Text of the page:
The point of the story is this: fossil fuels were once the best-of-the-best. Yes, they provided the foundation society needed to get its feet off the ground, but then they got too big, and started doing long-term damages. Some people turned to more sustainable energies and grew their own niche markets that provided energies around-the-clock, which was attractive to an even larger market. Now that fossil fuels are being proven to have adverse effects on Earth’s ecosystems, people are switching to the sustainable resources, which are becoming cheaper and more abundant every day. Only the loyalists, the people who have been in the business their entire lives, refuse to see what’s going on behind the scenes and keep supplying the necessary economic resources. Only by educating the general public, showing them the damages for themselves, and converting them to cleaner, ever-cheapening, and near-infinite energy sources can we begin to heal Earth’s damaged ecosystems.

“But it’s tradition” is no longer a valid excuse. There will always be a better recipe.


Did you enjoy this read? Consider visiting Experience Daliona, a futuristic website that will take you on a journey across the galaxy.

Please support my mission of spreading science concepts. Purchase a t-shirt! 50% of all profits are donated to WildAid to support environmental, wildlife, and climate programs.

Alex Martin is the author of six futuristic science-fiction novels. His next book will be published on October 17, 2017. He's a science communicator, having given assemblies at schools, colleges, bookstores, and libraries. He also manages the Experience Daliona website, an extension of his books, where he also publishes factual content about real concepts in science.

Friday, July 1, 2016

Opinion: My thoughts on the first-ever Tesla Autopilot fatality

Today I received the following question on my Tumblr account:

Yep, I heard about it all right – and the media backlash is, as per usual – negative. And now you have the inevitable “see it’s safer to drive the car yourself” people coming out, or the “ha! Look how dangerous it is” people, or the “self-driving cars are the devil” people. Just go on Facebook and you’ll see it.


In the two years since autopilot was introduced, Tesla Autopilot has helped avoid DOZENS of crashes that would have been caused due to sheer human negligence. Ironically enough, THIS VIDEO of Autopilot avoiding an accident was taken by the same man who was killed.

This other video is of Autopilot coming to a screeching halt when a driver decides to make a U-Turn right in front of it.

Like I said, Autopilot was introduced in 2014. In that time, exactly ZERO accidents have been deemed Autopilot’s fault. In all cases, it was the fault of the other driver OR the fault of the person using the car and *claiming* it was on Autopilot. Thing is, Tesla can easily check your car’s data logs and see if Autopilot was on.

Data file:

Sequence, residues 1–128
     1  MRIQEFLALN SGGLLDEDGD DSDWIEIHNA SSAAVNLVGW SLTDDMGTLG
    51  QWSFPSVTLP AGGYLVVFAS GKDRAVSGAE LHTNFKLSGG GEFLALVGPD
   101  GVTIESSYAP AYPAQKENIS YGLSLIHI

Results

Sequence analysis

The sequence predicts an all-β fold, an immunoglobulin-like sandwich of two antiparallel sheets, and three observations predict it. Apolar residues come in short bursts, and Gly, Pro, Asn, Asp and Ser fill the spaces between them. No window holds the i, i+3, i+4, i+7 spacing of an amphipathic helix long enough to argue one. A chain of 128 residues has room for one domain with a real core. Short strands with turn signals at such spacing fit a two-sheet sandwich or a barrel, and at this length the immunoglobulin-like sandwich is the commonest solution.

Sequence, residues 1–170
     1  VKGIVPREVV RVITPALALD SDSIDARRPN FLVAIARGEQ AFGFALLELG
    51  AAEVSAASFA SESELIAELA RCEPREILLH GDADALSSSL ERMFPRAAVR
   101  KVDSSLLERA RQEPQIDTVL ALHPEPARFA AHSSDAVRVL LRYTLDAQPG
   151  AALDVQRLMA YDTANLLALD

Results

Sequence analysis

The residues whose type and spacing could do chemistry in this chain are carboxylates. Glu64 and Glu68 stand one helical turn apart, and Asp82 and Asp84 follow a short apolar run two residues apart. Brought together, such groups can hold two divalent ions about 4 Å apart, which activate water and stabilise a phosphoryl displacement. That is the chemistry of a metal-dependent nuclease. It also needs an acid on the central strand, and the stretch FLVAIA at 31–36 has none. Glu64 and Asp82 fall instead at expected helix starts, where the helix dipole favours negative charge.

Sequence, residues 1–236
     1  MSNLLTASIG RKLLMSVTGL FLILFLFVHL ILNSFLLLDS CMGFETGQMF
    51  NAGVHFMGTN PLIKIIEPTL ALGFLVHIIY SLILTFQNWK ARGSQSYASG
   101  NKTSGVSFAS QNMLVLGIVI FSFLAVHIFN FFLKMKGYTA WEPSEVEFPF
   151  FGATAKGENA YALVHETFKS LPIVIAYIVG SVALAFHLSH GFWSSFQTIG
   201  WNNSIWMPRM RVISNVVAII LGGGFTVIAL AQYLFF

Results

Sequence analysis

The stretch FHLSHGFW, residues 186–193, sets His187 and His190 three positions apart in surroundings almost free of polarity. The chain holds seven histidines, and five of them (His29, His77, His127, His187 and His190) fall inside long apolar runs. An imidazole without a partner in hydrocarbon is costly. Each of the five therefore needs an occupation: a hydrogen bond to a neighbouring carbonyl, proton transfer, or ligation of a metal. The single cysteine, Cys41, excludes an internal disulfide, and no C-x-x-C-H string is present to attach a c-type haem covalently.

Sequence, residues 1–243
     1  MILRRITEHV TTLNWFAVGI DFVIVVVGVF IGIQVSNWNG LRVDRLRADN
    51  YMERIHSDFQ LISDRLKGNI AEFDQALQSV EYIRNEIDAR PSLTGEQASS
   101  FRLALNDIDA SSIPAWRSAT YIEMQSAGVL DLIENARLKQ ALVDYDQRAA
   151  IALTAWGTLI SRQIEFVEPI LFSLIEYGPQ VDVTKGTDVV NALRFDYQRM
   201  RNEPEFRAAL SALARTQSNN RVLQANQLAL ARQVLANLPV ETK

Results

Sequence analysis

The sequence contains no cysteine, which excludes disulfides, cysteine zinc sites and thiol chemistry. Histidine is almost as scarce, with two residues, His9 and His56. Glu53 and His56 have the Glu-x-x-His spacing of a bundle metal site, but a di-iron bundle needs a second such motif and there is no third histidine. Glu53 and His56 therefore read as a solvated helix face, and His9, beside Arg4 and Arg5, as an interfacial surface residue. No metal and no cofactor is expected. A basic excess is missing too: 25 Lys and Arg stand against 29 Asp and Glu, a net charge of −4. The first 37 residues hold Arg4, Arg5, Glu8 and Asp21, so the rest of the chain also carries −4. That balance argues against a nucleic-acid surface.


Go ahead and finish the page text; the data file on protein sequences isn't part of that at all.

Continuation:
Prior to this incident, the only other known instance of a Tesla not stopping while in “Autopilot” was a few weeks ago, when one rolled into a raised trailer. The car wasn’t in Autopilot, per se, but in “Summon Mode,” which drives at 1 mph usually just to park itself or pull into your driveway. The raised section of the trailer was above the car’s sensors, so would have only been in view of the front-facing camera, which is used for detecting speed limit signs.

Let’s look at the picture of the incident:

As you can see, the sensors of the car have no way of detecting the trailer bed. The car more-than-likely instead detected the wheels/lower bed of the truck, and had the trailer not been hanging over, the car WOULD HAVE STOPPED exactly 12 inches from the back of the truck.

To add more suspicion to the story, the car can only be in Summon Mode if you are standing nearby. The man at the center of this particular story claims he only stuck around his car for 20 seconds or so because a passerby asked him about the car, but that he didn’t activate the Summon. Tesla’s data logs show that he did, in fact, activate the Summon. And what would you do if someone curious about your Tesla came up to you? You’d do a quick demo, right? This is most likely what happened, but of course he’s denying it because he doesn’t want the repercussions and embarrassment.

Anyway, what this expressly shows is that Tesla clearly needs to add more sensors capable of detecting higher objects like this trailer bed.

So what does this have to do with the death?

Everything…and nothing.

Obviously, the man who died had owned his car for a long time, and he’s proven that it can avoid accidents…under normal conditions. The conditions of this accident were similar to those of the scenario I just described: the trailer was too high for the sensors to detect is as a tractor trailer crossing the highway. Instead, it gave Autopilot’s radar the impression that it was nothing more than, and I’m quoting Elon Musk, “an overhead road sign.” Had the impact been near the front or rear of the truck, Autopilot would have noticed the large obstruction and come to a halt. One popular reaction to this situation is the fact that Elon Musk once denounced the use of LIDAR on Tesla vehicles, a detection system similar to radar that instead uses lasers and more-than-likely would have detected the tractor trailer. Maybe after this incident, LIDAR will considered as a new detection system.

The fact of the matter is this accident happened in broad daylight and there are dozens of factors that come into play. Lighting, speed, when the driver of the trailer decided to cross the highway, and of course, the attentiveness of the man driving the Tesla. CLEARLY he was not paying attention. The brakes were never applied, either manually or autonomously. I, for one, would slam on the brakes no matter what in that situation – so clearly he was preoccupied.